It’s easy to see how Lucy’s fear of people both passing the house and approaching the house is linked to her fear of people entering the house. It may also be linked to her having been trapped in a kennel for the best part of each day for six months, unable to escape when someone walked towards her and entered.

With different management of visitors and Lucy feeling differently about  people approaching or passing the house, the fear of callers shouldn’t be too hard to crack. She is wonderfully friendly and affectionate once she’s feeling safe.

She should certainly no longer have access to the view out of that picture window.

Lucy’s reaction to people coming to the house could snowball into a bigger problem if not caught straight away. It’s unlikely that people with their first dog will have sufficient knowledge of systematic desensitisation and counter conditioning without some help.

 

NB. For the sake of the story and for confidentiality also, this isn’t a complete ‘report’ with every detail, but I choose an angle. The precise protocols to best use for your own dog may be different to the approach I have worked out for Lady. Finding instructions on the internet or TV that are not tailored to your own dog along with listening to friends can do more harm than good as the case needs to be assessed correctly, making sure that we are dealing with the real causes. I also provide moral support which people will probably need for a while. One size does not fit all so accurate assessment is important. If you live in my own area I would be very pleased to help with strategies specific to your own dog (see my Get My Help page)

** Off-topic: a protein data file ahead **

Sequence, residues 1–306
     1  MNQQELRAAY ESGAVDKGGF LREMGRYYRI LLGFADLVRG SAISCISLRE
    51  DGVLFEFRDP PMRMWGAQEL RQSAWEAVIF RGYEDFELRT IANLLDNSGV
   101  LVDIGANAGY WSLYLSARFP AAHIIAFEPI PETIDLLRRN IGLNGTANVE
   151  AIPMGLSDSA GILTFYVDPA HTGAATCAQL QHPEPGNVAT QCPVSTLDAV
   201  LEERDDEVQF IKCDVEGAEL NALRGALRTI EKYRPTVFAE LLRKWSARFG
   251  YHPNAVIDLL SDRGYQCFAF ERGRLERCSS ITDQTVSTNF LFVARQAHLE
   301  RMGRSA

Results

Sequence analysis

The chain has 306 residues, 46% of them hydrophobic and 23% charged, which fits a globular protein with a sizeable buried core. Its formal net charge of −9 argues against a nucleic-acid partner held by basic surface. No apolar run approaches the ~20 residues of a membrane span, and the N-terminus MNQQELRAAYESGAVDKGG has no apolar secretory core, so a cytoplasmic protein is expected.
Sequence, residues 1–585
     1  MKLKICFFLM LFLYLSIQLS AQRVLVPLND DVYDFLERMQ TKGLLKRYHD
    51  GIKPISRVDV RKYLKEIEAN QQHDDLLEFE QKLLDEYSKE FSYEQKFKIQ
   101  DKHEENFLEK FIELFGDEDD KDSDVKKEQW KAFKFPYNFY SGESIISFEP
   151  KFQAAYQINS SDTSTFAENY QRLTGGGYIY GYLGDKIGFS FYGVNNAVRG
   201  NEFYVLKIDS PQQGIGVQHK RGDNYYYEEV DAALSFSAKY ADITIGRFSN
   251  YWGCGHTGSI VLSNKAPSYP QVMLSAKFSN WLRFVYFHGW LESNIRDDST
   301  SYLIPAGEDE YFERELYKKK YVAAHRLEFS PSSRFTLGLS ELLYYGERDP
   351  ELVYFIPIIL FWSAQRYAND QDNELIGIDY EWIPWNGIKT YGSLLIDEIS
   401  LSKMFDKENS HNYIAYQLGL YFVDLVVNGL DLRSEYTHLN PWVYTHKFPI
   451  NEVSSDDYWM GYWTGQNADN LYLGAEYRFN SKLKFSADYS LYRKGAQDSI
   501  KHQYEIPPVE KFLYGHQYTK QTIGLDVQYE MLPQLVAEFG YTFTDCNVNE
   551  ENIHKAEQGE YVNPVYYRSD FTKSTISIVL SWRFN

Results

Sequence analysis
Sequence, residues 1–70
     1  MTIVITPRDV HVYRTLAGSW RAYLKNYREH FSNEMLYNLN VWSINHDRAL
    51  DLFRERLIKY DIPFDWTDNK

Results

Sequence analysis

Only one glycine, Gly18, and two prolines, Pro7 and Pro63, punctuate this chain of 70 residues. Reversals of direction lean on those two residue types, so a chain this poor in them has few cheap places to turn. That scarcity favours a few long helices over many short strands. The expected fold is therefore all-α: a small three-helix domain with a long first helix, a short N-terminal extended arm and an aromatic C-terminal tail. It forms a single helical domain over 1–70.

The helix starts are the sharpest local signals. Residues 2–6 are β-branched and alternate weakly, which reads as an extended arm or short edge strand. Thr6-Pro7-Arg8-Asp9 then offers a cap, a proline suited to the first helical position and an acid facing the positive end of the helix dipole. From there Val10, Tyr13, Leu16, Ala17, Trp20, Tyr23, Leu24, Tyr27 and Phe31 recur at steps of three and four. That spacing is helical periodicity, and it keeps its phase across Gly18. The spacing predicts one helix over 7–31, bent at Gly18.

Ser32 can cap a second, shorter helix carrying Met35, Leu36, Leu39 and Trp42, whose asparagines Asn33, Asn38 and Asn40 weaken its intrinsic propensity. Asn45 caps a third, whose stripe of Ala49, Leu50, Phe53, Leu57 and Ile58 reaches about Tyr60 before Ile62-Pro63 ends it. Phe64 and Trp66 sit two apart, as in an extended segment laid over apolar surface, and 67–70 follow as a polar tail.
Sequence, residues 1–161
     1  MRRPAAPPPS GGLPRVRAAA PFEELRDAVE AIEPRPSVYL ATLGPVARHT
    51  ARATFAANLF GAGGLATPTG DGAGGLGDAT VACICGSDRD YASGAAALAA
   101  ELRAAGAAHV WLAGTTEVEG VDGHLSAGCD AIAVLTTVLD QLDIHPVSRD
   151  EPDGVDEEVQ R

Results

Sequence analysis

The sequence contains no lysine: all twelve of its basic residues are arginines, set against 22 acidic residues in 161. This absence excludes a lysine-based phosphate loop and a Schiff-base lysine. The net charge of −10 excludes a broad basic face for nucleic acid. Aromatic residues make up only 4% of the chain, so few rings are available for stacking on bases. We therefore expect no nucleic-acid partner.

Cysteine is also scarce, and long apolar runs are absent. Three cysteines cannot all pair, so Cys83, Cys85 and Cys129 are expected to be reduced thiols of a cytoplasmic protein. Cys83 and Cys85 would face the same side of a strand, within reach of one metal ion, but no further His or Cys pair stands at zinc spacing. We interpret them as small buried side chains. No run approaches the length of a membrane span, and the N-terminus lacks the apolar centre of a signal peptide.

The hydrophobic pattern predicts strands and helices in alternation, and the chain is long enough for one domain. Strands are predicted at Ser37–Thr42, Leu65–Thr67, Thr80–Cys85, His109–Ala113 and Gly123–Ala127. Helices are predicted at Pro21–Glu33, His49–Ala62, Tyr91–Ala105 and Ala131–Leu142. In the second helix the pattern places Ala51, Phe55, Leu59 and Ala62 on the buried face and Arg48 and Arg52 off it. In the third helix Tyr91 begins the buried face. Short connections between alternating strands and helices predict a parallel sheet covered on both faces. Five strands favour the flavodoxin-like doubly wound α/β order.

Desensitising or Flooding?

Is it desensitising or is it over-exposure?

Tibetan needs desensitising

Ellie

Ellie, her siblings and other Tibetan Terriers were picked up from a breeder in a dreadful state of neglect, with matted fur and no socialisation. They had no exposure to life outside the shed where they were kept.

Lucky Ellie was re-homed to my clients three months ago. She is now nine months old. She lives with a calmer and slightly older Tibetan called Bailie.

Her family took her on holiday a couple of months later and it was a nightmare.

Ellie became increasingly terrified of traffic and people – particularly children. From the beginning of each day one scary new thing after another would have added to her accumulating stress as, with the best of loving intentions, they included the previously unsocialised small dog in their holiday activities.

They have actually come a long way in three months in some respects and are already doing many of the things I usually suggest. However they admit that her reactivity to people, traffic and any new environment is getting worse.

I feel there are a couple of things being done by Ellie’s humans, in the mistaken belief that they are helping her and being kind, that they can now do differently.

For hours Ellie occupies what the lady calls her ‘sentry point’ on the back of the sofa, watching the ‘scary’ things go past their house. It won’t have taken long for her to get the idea that it was her barking which was chasing those enemies, who kept on moving past, away.

Instead of this regular exposure acclimatising and desensitising her to new things as they thought, it is doing the opposite.

Ellie with Bailie

Ellie with Bailie

Each barking bout will be adding to her already rapidly rising stress levels. Daily she is repatedly rehearsing the very behaviour towards people and traffic that they are trying to change.